Human rights chief wraps up visit to South Korea

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Zeid Ra'ad Al-Hussein. UN Photo/Jean-Marc Ferré

The human rights situation in the Democratic People's Republic of Korea (DPRK) is now firmly on the international agenda, according to UN Human Rights chief.

Zeid Ra'ad Al Hussein was speaking on Thursday in Seoul, capital of South Korea.

He was ending a three-day mission to the country during which he inaugurated a UN office that will monitor human rights in the DPRK.

Dianne Penn reports.

The office was established following recommendations made last year by a Commission of Inquiry on human rights in the DPRK.

The High Commissioner said thanks to its work, this issue is now firmly on the international agenda.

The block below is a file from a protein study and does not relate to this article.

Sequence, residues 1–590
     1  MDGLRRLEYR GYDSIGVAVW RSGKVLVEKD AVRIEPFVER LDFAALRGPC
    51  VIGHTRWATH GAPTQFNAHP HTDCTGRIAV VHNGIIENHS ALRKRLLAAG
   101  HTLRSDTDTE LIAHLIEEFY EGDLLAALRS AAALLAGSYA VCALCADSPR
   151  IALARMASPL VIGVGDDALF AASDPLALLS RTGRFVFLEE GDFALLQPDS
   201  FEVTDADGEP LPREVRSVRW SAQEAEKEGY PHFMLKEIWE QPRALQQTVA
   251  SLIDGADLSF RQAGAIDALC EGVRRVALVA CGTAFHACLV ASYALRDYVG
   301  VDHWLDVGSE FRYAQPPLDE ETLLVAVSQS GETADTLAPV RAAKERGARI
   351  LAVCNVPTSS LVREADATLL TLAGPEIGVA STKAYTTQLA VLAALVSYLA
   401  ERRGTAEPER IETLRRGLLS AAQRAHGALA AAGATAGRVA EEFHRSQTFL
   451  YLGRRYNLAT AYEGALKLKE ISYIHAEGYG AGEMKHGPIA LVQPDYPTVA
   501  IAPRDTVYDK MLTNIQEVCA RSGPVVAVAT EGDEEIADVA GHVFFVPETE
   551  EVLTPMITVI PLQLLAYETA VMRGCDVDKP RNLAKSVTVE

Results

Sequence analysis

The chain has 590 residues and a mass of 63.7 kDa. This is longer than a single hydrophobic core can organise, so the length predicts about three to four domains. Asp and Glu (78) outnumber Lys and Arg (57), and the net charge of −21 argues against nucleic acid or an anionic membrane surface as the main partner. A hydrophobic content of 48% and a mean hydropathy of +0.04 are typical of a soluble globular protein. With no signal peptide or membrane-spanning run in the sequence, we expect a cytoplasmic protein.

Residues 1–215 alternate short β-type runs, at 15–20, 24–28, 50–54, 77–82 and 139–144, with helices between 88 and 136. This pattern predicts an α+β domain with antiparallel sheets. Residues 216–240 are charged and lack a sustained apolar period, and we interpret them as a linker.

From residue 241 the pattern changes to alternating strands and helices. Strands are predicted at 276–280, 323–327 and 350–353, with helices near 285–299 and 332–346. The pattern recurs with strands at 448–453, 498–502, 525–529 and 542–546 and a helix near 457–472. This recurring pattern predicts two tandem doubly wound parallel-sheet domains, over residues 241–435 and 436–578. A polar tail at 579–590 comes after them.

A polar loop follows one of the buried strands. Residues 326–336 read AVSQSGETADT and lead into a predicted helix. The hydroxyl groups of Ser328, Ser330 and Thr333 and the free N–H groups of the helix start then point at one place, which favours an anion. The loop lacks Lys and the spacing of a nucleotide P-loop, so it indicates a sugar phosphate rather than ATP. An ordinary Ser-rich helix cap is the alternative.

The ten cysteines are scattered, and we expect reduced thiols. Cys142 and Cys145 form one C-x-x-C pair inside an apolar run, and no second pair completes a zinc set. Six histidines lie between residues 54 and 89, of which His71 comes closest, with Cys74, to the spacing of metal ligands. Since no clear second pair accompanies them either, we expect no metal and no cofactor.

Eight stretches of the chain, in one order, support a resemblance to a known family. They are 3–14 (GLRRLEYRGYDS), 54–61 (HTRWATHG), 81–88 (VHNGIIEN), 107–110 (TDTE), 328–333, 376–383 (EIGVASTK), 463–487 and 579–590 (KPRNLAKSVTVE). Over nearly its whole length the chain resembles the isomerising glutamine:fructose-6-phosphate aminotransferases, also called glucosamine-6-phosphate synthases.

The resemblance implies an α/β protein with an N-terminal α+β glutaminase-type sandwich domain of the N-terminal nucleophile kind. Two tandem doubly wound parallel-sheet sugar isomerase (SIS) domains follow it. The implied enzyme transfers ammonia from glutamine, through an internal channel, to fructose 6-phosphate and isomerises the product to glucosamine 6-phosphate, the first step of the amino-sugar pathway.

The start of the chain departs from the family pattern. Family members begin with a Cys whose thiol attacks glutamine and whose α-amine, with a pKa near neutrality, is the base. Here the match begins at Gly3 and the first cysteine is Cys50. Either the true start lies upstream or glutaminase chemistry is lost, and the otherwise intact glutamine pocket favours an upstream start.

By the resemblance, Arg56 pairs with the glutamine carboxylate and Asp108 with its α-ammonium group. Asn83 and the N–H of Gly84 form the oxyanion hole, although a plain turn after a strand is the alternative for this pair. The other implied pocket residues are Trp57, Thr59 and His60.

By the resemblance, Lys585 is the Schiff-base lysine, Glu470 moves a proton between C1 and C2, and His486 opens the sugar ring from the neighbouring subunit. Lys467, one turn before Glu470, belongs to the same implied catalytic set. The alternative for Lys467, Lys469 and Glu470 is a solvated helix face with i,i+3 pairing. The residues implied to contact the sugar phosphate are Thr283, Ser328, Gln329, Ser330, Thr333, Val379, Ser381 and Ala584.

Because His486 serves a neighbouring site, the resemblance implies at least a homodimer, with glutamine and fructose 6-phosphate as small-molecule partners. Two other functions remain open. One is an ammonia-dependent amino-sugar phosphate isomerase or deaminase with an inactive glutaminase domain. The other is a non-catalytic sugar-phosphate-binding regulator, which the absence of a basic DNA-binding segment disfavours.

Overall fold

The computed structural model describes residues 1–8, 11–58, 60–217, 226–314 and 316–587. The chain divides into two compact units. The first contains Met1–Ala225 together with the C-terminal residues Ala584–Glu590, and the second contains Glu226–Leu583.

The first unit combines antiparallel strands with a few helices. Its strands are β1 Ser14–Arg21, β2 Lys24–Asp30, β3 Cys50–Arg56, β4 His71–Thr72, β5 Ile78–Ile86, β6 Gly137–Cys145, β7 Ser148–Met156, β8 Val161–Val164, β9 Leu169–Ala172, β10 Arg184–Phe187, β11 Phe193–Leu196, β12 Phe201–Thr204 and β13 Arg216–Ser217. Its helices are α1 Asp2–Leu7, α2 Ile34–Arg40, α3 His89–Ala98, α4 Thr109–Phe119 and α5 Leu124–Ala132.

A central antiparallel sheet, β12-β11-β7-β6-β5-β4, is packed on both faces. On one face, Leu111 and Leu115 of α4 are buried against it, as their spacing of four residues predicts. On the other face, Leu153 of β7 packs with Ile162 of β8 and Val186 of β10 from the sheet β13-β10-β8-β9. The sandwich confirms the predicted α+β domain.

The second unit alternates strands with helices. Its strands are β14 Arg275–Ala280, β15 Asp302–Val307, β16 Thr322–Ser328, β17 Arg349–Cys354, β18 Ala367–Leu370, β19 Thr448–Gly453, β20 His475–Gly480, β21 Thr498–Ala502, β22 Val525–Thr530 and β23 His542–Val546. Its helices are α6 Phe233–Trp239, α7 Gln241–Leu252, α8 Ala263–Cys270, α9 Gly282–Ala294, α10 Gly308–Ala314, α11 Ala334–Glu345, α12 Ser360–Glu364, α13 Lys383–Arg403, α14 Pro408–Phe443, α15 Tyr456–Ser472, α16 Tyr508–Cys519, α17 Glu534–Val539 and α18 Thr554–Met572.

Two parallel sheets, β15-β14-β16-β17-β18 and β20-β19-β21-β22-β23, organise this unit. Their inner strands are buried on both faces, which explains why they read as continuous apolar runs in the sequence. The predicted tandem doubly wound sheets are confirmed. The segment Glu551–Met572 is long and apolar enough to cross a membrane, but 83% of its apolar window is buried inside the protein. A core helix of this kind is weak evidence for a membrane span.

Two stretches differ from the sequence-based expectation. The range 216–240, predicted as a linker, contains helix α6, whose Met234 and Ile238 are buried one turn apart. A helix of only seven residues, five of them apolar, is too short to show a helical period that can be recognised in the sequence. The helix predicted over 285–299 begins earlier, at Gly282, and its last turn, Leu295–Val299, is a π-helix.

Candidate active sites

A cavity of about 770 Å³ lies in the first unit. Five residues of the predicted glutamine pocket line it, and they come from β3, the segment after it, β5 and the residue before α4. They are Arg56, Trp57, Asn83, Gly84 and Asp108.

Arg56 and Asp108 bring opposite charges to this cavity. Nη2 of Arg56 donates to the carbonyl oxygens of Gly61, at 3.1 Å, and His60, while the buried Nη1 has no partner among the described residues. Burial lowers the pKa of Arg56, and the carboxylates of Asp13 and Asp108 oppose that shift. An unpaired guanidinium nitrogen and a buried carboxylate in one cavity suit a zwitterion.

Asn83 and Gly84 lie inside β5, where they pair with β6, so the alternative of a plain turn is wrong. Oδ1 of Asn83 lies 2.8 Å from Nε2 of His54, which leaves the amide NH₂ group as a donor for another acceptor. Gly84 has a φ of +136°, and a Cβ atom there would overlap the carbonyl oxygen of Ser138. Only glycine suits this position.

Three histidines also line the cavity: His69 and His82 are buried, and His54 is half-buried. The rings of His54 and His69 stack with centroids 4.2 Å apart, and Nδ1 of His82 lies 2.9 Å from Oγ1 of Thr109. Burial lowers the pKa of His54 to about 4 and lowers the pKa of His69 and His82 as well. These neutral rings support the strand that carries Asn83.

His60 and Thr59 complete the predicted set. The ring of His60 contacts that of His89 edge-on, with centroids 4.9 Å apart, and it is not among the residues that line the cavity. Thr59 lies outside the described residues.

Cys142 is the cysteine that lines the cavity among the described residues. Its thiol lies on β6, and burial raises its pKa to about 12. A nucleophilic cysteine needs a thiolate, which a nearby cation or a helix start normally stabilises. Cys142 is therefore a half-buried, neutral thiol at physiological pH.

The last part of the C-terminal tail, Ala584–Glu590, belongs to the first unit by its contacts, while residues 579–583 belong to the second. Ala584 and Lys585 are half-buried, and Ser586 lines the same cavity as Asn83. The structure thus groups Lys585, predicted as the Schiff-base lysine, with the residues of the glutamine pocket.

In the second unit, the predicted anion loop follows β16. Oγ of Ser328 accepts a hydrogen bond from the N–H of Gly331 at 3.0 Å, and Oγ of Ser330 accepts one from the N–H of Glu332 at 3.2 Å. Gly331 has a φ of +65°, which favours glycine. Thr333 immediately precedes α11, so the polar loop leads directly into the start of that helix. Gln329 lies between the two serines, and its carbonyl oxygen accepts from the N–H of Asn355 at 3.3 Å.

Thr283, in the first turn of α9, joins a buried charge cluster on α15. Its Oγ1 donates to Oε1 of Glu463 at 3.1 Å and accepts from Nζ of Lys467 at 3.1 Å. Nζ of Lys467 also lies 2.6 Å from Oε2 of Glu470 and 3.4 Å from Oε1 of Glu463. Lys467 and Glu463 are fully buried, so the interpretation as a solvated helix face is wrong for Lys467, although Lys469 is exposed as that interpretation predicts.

He added that the North Korean government is making more effort to engage in the international human rights system, which he hopes will continue.

While in Seoul, Mr Al Hussein also met with senior government officials and South Korean civil society groups, who raised concerns about freedom of expression and assembly, including related to the Internet.

The Human Rights High Commissioner also visited with three women, former victims of sexual slavery during the Second World War, who were forced to service Japanese occupying forces.

He said despite steps taken by Japan over the years, these so-called "comfort women" do not feel their suffering has been adequately and universally recognized.

Dianne Penn, United Nations.

Duration: 58″

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